HISTORY OF FIREFLY CHILDREN AND FAMILY ALLIANCE

Providing resources individuals, families and children can rely on

Joining forces to better serve Indiana communities

Children’s Bureau and Families First have helped shape human services in Central Indiana. Each organization’s continued commitment to this work led to talks about joining forces to achieve economy of scale, provide complementary lines of service and leverage limited resources to ensure the continuation of quality services. The outcome of these meetings was a merger on April 21, 2021.
In 2022, the organizations relaunched as Firefly Children and Family Alliance. Prior to the merger of Children’s Bureau and Families First, both organizations worked together for many years. Our story illustrates how social circumstances and the ideological underpinnings of caring for children and families have changed over our 185-year history and underlines our commitment to meet the needs of our clients and the community.

A Shared History: Firefly Children and Family Alliance through the Centuries

The two organizations that combined forces to become Firefly Children and Family Alliance, Children’s Bureau and Families First, were two of Indiana’s most established nonprofits, with roots dating back more than 185 years.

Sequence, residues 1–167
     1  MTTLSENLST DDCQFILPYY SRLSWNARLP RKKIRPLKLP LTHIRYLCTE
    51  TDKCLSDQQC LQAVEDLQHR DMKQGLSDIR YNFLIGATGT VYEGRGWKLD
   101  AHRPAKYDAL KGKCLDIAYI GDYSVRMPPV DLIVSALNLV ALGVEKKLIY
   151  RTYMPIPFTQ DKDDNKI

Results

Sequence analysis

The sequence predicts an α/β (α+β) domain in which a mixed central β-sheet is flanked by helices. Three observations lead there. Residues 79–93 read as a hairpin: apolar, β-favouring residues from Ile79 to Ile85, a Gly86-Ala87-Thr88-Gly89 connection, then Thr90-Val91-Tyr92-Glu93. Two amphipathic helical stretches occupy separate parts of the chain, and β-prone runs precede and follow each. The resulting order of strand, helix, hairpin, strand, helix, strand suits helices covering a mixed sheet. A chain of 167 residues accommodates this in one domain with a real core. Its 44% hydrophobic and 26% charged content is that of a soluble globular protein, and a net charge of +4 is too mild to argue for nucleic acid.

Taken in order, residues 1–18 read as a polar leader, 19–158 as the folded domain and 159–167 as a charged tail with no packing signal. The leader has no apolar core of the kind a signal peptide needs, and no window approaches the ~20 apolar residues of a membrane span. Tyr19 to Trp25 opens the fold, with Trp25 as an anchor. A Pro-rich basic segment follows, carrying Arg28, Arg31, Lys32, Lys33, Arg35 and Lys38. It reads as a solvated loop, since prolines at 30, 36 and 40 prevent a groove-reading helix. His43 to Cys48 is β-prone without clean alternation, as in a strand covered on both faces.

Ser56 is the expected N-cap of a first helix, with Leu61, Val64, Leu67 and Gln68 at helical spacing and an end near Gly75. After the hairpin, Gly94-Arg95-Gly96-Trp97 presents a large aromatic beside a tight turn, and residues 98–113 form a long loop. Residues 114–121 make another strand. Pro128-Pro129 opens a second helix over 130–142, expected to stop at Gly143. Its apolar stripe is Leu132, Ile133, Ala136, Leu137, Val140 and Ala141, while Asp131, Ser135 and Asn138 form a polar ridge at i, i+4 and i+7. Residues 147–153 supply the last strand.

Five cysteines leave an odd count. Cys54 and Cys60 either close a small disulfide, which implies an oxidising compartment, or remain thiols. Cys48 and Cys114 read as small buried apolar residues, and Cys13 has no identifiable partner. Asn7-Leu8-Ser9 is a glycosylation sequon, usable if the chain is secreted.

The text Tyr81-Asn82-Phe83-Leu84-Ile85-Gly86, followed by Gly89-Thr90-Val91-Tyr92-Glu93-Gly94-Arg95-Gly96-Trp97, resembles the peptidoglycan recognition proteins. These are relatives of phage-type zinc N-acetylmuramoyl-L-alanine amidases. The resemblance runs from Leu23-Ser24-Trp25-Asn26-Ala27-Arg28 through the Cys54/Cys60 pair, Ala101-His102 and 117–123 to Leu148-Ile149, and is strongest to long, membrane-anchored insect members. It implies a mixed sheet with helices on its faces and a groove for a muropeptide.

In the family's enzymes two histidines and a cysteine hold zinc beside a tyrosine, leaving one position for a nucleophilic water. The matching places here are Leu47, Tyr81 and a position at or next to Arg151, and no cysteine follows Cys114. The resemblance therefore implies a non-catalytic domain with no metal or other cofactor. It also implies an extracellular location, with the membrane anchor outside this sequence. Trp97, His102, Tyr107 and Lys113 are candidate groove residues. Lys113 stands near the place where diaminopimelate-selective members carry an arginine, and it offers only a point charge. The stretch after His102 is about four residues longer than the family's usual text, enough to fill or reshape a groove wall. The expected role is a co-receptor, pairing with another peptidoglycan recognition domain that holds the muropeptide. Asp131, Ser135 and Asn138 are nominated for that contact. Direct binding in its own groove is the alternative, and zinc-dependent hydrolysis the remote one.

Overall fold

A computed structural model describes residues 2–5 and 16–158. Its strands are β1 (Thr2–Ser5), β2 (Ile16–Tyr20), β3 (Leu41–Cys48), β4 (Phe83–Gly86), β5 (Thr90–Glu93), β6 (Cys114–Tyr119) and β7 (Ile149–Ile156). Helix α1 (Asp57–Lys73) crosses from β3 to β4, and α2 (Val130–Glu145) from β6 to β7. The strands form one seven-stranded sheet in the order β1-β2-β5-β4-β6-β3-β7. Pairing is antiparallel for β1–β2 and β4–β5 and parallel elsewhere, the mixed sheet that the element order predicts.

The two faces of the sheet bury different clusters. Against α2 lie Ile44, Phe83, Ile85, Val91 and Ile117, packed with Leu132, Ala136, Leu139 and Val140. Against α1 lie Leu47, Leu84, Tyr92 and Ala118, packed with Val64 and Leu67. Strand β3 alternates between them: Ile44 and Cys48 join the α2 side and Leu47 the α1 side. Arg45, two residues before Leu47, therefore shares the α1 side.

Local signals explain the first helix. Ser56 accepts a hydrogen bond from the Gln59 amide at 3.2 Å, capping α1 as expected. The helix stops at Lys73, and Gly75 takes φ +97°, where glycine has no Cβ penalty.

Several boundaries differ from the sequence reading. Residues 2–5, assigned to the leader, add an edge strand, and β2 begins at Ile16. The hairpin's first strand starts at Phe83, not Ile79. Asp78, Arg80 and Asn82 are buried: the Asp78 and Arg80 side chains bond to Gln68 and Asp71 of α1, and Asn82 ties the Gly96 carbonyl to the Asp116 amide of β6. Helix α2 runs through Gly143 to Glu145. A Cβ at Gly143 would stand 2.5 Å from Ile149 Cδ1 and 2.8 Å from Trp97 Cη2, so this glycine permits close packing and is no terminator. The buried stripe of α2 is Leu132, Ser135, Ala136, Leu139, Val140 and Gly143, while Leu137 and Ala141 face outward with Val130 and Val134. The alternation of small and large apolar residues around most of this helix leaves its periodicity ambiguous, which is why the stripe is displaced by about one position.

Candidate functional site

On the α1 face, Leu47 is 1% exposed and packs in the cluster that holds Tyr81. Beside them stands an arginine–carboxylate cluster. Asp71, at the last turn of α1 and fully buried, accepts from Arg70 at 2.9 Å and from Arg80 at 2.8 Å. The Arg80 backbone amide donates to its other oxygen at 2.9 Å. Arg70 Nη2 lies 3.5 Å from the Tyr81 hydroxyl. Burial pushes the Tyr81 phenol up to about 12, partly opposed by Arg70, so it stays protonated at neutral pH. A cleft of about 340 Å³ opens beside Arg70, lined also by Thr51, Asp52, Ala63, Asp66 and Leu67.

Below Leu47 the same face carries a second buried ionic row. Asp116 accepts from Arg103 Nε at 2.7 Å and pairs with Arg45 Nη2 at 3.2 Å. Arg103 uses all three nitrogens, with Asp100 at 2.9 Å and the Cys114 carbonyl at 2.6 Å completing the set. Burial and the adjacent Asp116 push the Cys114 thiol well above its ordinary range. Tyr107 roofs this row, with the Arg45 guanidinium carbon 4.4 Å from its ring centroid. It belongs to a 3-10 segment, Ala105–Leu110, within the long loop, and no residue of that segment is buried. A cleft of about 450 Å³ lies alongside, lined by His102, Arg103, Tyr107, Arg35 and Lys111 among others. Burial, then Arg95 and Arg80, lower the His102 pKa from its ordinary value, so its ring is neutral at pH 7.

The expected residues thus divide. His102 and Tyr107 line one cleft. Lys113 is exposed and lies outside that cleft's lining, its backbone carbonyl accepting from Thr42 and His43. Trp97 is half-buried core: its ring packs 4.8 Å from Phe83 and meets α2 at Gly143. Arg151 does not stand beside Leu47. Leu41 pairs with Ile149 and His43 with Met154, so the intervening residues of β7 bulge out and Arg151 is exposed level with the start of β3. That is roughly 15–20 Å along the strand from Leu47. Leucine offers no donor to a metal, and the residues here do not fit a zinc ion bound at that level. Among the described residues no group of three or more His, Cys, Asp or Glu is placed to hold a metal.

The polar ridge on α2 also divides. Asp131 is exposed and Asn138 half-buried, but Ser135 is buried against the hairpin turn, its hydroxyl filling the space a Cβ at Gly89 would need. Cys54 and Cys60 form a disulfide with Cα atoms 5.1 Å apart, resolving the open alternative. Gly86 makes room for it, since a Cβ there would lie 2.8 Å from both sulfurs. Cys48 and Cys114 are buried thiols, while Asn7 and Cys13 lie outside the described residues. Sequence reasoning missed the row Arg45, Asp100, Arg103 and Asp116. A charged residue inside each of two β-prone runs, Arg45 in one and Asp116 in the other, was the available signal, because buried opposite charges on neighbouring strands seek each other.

Families First began supporting and strengthening Indiana families in 1835, when it was founded as the Indianapolis Benevolent Society. And the Widows and Orphans Friends’ Society, founded in 1851 as an outreach of the very same Indianapolis Benevolent Society, gave rise to the Children’s Bureau.

Early Years: The Indianapolis Benevolent Society

On Thanksgiving Day in 1835, a group of philanthropic citizens founded the Indianapolis Benevolent Society, an organization that would give rise to both the Children’s Bureau and Families First. Its mission was “to search out destitute families and afford them prompt relief.”

The Indianapolis Benevolent Society was the first family agency in the U.S. organized to meet the needs of individuals and families — regardless of race or religion — throughout the community. It provided food, clothing and sometimes financial assistance to supplement the limited public funds available for families in need.

Its broader goal was to strengthen families and communities by helping families stay together. At the time, accepting government relief could mean sending one or more family members to an institution. Though much has changed in Indiana since those early days, the importance of family remains the same. Now, just as then, stable families offer safety, guidance, consistency and love to one another — but especially to children.

Roots in the Widows and Orphans Friends’ Society

Children’s Bureau had roots in the Widows and Orphans Friends’ Society, founded in 1851 as an outreach of the Indianapolis Benevolent Society aimed at relieving “the physical, intellectual and moral wants of the widows and orphans of the city.”

While today this language may seem to carry notes of judgement, the mission of the Widows and Orphans Friends’ Society reflected the reality of the time: women who lost their husbands were left with few economic options, and children who lost one or both parents had no social safety net to fall back on.